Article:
Friday, June 17, 2005 | It’s a simple tune to follow, a mayoral campaign based essentially on one thing: financial overhaul.

But the backbeat of the financial plans clutched by many of the candidates for mayor of San Diego rely on a number of shaky assumptions that could turn today’s stern rhetoric into tomorrow’s bygone hopes.

What is certain is that the next mayor – in either success or failure – will have an indelible impact on a city seeped in all forms of investigation and a multi-billion dollar pension deficit. Less certain are the outcomes of a number of tactics suggested by the frontrunners.

On Thursday, five of the headline candidates for the July 26 mayoral election met for the first official debate, cementing the foundations of candidacies that swung into shape only weeks ago.

Each has their own niche: the self-financed CEO, the open government-minded and defiant councilwoman, the former police chief with turn-around experience, the financial restructure (bankruptcy) expert with the pension whistleblower wife, and the brash, pony-tailed, Harley-riding right-winger.

But however disparate the candidates’ personal backgrounds, most of their financial plans share a common ground.

Councilwoman Donna Frye, businessman Steve Francis, former police chief Jerry Sanders, Harley Davidson peddler Myke Shelby and taxpayer activist Richard Rider – who wasn’t invited to Thursday’s debate – all support asking a court to decide the legality of pension benefits granted between 1996 and 2002.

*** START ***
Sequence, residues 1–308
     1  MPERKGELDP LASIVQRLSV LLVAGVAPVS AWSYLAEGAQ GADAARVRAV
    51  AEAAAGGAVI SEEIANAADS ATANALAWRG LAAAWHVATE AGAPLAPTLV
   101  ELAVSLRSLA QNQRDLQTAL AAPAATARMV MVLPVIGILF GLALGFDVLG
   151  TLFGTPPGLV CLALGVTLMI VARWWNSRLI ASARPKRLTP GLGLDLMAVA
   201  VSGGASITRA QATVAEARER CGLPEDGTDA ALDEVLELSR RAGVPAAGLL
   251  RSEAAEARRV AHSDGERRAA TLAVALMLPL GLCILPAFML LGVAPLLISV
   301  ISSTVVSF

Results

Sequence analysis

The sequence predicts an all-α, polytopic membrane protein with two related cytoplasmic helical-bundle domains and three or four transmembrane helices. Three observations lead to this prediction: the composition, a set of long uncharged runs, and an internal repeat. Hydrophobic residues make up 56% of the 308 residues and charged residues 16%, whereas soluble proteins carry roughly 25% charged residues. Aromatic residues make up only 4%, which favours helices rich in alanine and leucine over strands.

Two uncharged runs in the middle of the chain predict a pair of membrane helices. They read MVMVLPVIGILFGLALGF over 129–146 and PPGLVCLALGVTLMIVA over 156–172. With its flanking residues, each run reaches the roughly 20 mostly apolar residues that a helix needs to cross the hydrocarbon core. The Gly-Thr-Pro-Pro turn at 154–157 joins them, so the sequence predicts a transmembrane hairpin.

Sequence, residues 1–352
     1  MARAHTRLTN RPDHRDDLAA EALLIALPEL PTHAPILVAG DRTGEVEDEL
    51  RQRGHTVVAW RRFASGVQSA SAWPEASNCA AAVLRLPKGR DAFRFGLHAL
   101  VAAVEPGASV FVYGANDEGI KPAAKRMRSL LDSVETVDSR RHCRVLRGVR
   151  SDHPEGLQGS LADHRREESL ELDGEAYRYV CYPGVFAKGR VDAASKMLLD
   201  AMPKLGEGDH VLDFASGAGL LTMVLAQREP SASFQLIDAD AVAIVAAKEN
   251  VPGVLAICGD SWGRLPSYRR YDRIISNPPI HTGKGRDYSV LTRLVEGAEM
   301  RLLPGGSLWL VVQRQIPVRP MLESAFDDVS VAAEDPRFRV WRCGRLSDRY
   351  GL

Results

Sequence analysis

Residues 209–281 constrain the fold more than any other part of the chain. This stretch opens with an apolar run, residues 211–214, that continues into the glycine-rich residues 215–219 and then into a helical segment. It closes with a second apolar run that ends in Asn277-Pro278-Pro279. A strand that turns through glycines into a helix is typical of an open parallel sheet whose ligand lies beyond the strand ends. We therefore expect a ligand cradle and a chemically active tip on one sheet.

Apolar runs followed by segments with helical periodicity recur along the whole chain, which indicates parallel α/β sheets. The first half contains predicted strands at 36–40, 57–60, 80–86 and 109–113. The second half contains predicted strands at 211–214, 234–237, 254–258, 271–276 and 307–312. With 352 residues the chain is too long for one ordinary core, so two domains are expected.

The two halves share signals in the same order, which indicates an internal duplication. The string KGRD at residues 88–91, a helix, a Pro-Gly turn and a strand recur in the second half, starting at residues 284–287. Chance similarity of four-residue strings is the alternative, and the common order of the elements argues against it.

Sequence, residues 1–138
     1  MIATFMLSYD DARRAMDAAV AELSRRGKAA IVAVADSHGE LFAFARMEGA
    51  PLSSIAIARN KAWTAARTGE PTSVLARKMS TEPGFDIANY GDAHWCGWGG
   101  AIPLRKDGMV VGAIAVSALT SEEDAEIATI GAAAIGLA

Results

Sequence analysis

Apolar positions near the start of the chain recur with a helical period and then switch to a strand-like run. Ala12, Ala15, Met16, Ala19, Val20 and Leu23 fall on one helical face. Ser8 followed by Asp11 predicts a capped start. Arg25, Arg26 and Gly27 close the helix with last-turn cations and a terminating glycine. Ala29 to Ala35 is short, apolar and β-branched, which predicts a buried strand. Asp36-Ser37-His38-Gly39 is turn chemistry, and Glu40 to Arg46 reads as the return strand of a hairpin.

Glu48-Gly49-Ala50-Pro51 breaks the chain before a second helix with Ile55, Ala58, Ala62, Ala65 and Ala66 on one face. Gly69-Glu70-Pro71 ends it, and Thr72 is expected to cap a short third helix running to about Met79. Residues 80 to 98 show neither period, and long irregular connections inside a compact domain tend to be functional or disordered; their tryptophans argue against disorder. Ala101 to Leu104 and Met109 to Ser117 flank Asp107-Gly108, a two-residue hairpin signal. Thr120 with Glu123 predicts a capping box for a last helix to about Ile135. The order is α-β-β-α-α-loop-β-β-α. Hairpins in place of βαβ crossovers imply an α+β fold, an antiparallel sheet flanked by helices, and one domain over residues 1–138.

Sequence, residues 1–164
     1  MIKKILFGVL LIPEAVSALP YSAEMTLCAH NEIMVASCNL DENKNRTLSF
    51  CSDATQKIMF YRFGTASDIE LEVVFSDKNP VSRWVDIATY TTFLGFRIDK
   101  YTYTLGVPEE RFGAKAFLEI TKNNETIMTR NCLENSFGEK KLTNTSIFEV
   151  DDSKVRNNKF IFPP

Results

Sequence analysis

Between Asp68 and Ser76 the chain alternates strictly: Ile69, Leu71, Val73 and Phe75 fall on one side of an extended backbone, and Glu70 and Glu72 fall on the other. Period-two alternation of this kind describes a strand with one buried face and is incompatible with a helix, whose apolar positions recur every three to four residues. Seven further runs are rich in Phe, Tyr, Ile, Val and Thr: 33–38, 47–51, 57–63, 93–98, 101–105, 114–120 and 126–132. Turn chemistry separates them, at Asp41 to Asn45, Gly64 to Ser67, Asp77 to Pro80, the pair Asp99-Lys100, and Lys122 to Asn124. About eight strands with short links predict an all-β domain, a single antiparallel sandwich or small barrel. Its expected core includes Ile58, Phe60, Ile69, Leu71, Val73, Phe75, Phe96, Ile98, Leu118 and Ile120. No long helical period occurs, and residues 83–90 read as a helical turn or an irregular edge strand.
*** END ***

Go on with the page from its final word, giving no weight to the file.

Such a legal challenge, currently being prepared by City Attorney Mike Aguirre, carries uncertain – and faraway – ends. He estimates the voiding of the benefits would knock about $700 million to $800 million off of the pension deficit, which is reported at $1.37 billion by the city. Some say it is substantially higher.

Aguirre and an outside legal firm hired by the city have both determined that the rounds of benefit increases, which doubled the city’s benefit expenses in a matter of six years, could be susceptible to a legal challenge because their creation may have violated a number of local and state laws.

Many current council members have shied away from endorsing the approach, with outside council advising them that a courtroom challenge would be costly, lengthy and risky. Others involved point to a lack of real precedent when trying to handicap the chances of the benefits being determined to be illegal.

“What concerns me is that I look at the fiscal plans of the mayoral candidates and most of them rest heavily on the notion that the ’96 benefits will be able to be rolled back. And I don’t think that that is sure enough that that should be part of anyone’s plan,” said April Boling, former chairwoman of the Pension Reform Committee.